When Una got home Faith was lying face downwards on her bed, utterl_efusing to be comforted. Aunt Martha had killed Adam. He was reposing on _latter in the pantry that very minute, trussed and dressed, encircled by hi_iver and heart and gizzard. Aunt Martha heeded Faith's passion of grief an_nger not a whit.
"We had to have something for the strange minister's dinner," she said.
"You're too big a girl to make such a fuss over an old rooster. You knew he'_ave to be killed sometime."
"I'll tell father when he comes home what you've done," sobbed Faith.
"Don't you go bothering your poor father. He has troubles enough. And I'_ousekeeper here."
"Adam was MINE—Mrs. Johnson gave him to me. You had no business to touc_im," stormed Faith.
"Don't you get sassy now. The rooster's killed and there's an end of it. _in't going to set no strange minister down to a dinner of cold b'iled mutton.
I was brought up to know better than that, if I have come down in the world."
Faith would not go down to supper that night and she would not go to churc_he next morning. But at dinner time she went to the table, her eyes swolle_ith crying, her face sullen.
The Rev. James Perry was a sleek, rubicund man, with a bristling whit_oustache, bushy white eyebrows, and a shining bald head. He was certainly no_andsome and he was a very tiresome, pompous sort of person. But if he ha_ooked like the Archangel Michael and talked with the tongues of men an_ngels Faith would still have utterly detested him. He carved Adam u_exterously, showing off his plump white hands and very handsome diamond ring.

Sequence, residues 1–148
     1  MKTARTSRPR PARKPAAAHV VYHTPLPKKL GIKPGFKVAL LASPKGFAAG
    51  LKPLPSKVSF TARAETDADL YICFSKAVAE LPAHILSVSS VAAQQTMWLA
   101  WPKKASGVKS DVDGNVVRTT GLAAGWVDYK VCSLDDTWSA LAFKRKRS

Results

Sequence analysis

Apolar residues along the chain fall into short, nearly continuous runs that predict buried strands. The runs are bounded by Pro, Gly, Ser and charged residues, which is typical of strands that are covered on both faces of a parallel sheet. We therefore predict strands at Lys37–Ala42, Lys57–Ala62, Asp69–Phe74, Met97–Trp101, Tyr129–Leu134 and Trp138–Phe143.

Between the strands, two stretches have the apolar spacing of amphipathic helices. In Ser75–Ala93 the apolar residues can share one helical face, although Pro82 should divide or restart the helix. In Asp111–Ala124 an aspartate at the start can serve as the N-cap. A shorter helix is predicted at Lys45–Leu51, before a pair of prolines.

Also, he made jovial remarks all through the performance. Jerry and Car_iggled, and even Una smiled wanly, because she thought politeness demande_t. But Faith only scowled darkly. The Rev. James thought her manner_hockingly bad. Once, when he was delivering himself of an unctuous remark t_erry, Faith broke in rudely with a flat contradiction. The Rev. James dre_is bushy eyebrows together at her.
"Little girls should not interrupt," he said, "and they should no_ontradict people who know far more than they do."